In 65 he was appointed aedile, which corresponded to an official with police powers. In 63 Caesar was elected pontifex maximus by popular vote. Appointed praetor, a high judicial official, in 62 B.C., Caesar served the following year as propraetor, i.e. provincial governor, in the Iberian Peninsula, where he fought internal uprisings and implemented administrative reforms. After his return, he was appointed to the consulate in 59 BC, together with Bibulus. Through an alliance with Crassus and Pompey, Caesar shortly thereafter formed the so-called “First Triumvirate,” which held its own against Sulla’s senatorial oligarchy.
De bello Gallico
In the following years Caesar went as proconsul to the northern provinces of Illyria and Gallia Cis- and Transalpina, from where he conquered all of Gaul to the Rhine in the years 58 to 51 BC. The last great uprising of the Gauls, which broke out in 52 BC under the leadership of Vercingetorix, he was able to put down after bitter fighting. The long war to pacify Gaul found its way into the famous treatise “De bello Gallico“, with which the successful general also made a name for himself as a historian. The military successes made Caesar the most powerful man in the Roman Empire.
Dictator For Life
In the two following years, he achieved victory over Pompey’s followers in further campaigns from Egypt to North Africa and Spain. In the conquered territories, Caesar simultaneously developed an intensive reform activity, which strengthened Roman rule there through innovations in the areas of administration and law as well as the introduction of the Julian calendar. In this way, he created the essential conditions for the unification of the Roman Empire and the Romanization of Western Europe, as they would later be advanced under Augustus. In February 44 BC, Caesar was appointed dictator for life. A short time later, however, he fell victim to a conspiracy of nobles under Brutus and Cassius. His great-nephew and principal heir Gaius Octavius (later Emperor Augustus ) finally established the principate as the new form of government of the Roman Empire.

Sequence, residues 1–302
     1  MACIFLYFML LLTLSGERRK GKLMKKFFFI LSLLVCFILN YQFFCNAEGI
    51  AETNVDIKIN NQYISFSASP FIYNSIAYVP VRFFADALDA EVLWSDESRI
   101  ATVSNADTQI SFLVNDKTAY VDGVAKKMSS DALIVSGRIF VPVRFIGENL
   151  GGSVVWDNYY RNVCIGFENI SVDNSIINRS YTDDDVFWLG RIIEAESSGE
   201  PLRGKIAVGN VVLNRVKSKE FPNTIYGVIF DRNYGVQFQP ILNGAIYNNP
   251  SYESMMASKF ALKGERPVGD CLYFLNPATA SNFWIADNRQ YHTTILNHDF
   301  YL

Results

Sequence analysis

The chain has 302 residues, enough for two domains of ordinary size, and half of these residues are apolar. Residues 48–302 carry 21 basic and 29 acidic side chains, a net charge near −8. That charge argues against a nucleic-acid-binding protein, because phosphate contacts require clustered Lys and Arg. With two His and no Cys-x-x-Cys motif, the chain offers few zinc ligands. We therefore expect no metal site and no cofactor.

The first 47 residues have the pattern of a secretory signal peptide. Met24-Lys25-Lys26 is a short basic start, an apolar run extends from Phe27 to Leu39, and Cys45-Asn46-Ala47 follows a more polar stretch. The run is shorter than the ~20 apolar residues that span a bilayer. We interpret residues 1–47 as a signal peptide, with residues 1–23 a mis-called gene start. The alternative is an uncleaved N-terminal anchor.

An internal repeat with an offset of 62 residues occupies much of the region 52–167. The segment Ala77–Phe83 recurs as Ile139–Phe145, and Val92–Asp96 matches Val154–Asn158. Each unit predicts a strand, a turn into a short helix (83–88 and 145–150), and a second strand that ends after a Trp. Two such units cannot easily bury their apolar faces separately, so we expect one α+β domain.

A Synonym for Emperor
The name of Caesar became part of the title of all subsequent rulers of the Roman Empire. In Roman late antiquity and in the Byzantine Empire, the title “Caesar” denoted a co-ruler or heir to the throne. In the borrowed forms Emperor and Tsar, the name later became the title of the rulers of the Holy Roman, Austrian, German, Bulgarian, Serbian and Russian Empires.
Michael Parenti ‘The Assassination of Julius Caesar‘, youtube 
References and Further Reading:
-  The Roman Army: the Civil Wars 88-31 BC, Nic Fields, Osprey Publishing, 2008
-  The Battle of Zela at livius.org
-  The Battle of Zela in the Wikipedia
-  Michael Parenti ‘The Assassination of Julius Caesar’, youtube
-  Augustus and the Foundation of the Roman Empire, SciHi blog
-  The Battle of Zela at Wikidata
-  Suetonius (121). “De vita Caesarum” [The Twelve Caesars]. University of Chicago. p. 107.
-  “Plutarch • Life of Caesar”. penelope.uchicago.edu.
-  Works by or about Julius Caesar at Internet Archive
-  Map with Battles of the Roman Republic during Caesar’s lifetime, via Wikidata